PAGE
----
Return of the Soul: The Nakbah Project

Nancy Katz anticipates a politically loaded exhibition that brings a touch of international consciousness to the Art Festival

Preview by Nancy Katz | 20 Jul 2008

Scottish artist Jane Frere will present perhaps one of the most thought provoking exhibitions of the Edinburgh Art Festival. Reactionary inter-disciplinary debate will range from the politics of displacement, and most specifically the 1948 Palestinian exodus, to the role, power, purpose and limitations of art. Frere's work is presented as entirely inseparable from its genesis, an insistence which puts the artist’s words, and those of the souls that she strives to represent, at the very heart of this exhibition.

Three thousand small wax figures will be suspended from the ceiling, as if caught mid-flight. Each figure has been made by a Palestinian and holds its own testimony to someone directly affected by the 'Nakbah', literally translated as 'the catastrophe', the term used by Palestinians to describe their own forced exodus. Layered audio clips, from a series of interviews with first hand witnesses, will also be presented as a sound sculpture. The exhibition will be accompanied by a contextualising publication with an artist's statement, Palestinian testimonies and a time line of British Rule in Palestine up to 1948.

Frere declares that it is the journey that the artist takes to arrive at the final 'product' that interests her. Her journey started in the Nazi concentration camp Majdanek in Poland, where an Israeli flag prompted her to consider the next stage in the history of that period, the creation of Israel. Appalled that this "required a very deliberate strategy to pursue what has only latterly become known as ethnic cleansing", Frere would embark on a journey of exploration to learn about the history of Palestine through artistic fieldwork. Working with Al Hoash Gallery in East Jerusalem and with UNRWA, the UN agency responsible for Palestinian refugees, Frere was able to work with Palestinians in the West Bank, Lebanon and Jordan. She engaged artists in a training programme that equipped them with the skills to pass on the methodology for the 3,000 piece exhibition to other young Palestinians. Having found that the "new generation was woefully uninformed about the history of the Nakbah", Frere's workshops consisted of anatomy lessons, costume research and 'cross-disciplinary education'. The resulting figures and testimonies were first exhibited in Jerusalem in May of this year, a duplicate exhibition will be concurrently shown in Ramallah, and the project is scheduled to travel to Beirut in September.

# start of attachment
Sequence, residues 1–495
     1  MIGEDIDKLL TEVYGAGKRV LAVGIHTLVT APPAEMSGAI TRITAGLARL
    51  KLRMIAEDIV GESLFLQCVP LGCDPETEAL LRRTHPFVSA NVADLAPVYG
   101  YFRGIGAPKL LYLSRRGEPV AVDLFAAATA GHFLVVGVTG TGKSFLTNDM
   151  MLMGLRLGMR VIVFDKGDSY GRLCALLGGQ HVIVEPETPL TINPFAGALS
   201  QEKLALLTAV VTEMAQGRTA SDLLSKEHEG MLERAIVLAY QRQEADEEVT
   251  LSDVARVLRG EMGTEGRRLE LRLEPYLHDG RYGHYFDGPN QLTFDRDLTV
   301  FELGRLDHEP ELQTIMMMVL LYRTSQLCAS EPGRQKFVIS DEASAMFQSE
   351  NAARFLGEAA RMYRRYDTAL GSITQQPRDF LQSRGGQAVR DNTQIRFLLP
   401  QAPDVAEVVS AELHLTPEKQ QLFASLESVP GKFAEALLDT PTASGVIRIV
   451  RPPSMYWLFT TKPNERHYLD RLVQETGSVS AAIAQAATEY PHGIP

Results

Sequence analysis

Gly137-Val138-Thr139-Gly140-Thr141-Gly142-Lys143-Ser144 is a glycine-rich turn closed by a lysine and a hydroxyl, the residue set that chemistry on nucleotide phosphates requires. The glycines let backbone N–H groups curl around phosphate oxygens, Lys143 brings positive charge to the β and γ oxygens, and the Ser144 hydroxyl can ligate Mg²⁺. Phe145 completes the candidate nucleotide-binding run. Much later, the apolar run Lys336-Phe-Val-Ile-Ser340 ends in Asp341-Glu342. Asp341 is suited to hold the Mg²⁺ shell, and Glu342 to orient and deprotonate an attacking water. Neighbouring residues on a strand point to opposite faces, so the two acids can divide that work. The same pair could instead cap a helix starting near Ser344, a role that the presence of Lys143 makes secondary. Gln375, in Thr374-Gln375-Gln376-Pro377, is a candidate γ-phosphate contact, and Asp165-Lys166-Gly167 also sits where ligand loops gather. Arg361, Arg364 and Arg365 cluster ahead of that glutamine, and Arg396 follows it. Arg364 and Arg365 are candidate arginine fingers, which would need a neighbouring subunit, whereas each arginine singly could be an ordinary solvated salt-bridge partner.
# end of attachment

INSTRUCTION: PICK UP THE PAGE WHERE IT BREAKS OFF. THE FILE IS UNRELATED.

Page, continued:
Talking to a small Edinburgh assembly on July 17, Frere admitted that her identity as an artist allowed her to cross borders and say things that a politician or journalist could not. The crossover presented by this project between artistic whimsy and the politically motivated desire to 'launch a cause' and re-address a 'grotesque injustice', is one that many will find difficult to harmonise. Last year, however, the Turner Prize was won by 'State Britain', a faithful re-creation of peace protester Brian Haw's tireless Parliament Square campaign. Haw's display was removed in 2006 for breaching the border of the 1km protest exclusion zone which surrounds Parliament. The edge of this exclusion zone bisects Tate Britain, with the gallery space that housed Wallinger's homage to Brian's display, within it. Art, working from its privileged remove, lends a similarly useful cloak to Frere, as she silently strives to further the voices of others. With the position of artist-facilitator, however, comes great responsibility and the insertion of this exhibition deep into the fabric of Edinburgh's August, is an intriguing and provocative move.